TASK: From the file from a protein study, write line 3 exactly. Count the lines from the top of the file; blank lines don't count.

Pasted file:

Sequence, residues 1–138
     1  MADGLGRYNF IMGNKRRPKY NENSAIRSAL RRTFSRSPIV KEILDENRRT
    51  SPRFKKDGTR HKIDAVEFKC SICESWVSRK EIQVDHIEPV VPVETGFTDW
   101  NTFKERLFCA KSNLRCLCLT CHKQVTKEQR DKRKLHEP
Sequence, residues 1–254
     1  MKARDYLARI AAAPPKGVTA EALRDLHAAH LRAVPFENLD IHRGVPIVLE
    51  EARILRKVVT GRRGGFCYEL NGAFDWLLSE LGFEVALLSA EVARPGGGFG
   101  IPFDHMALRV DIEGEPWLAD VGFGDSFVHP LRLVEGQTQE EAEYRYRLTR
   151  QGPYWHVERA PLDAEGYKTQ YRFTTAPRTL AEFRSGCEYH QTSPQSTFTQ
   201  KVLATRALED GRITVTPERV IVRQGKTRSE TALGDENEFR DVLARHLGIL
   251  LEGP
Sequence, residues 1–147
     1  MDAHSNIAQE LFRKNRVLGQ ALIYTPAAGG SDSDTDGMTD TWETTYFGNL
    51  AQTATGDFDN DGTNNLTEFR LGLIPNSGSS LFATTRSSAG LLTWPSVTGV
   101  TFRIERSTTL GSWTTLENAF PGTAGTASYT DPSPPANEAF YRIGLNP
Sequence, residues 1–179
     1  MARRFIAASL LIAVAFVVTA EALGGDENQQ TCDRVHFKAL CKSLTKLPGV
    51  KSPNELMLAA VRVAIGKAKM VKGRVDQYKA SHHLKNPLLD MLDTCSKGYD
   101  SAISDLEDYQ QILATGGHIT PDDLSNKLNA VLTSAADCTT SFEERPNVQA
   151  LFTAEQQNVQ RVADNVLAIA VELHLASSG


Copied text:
    51  SPRFKKDGTR HKIDAVEFKC SICESWVSRK EIQVDHIEPV VPVETGFTDW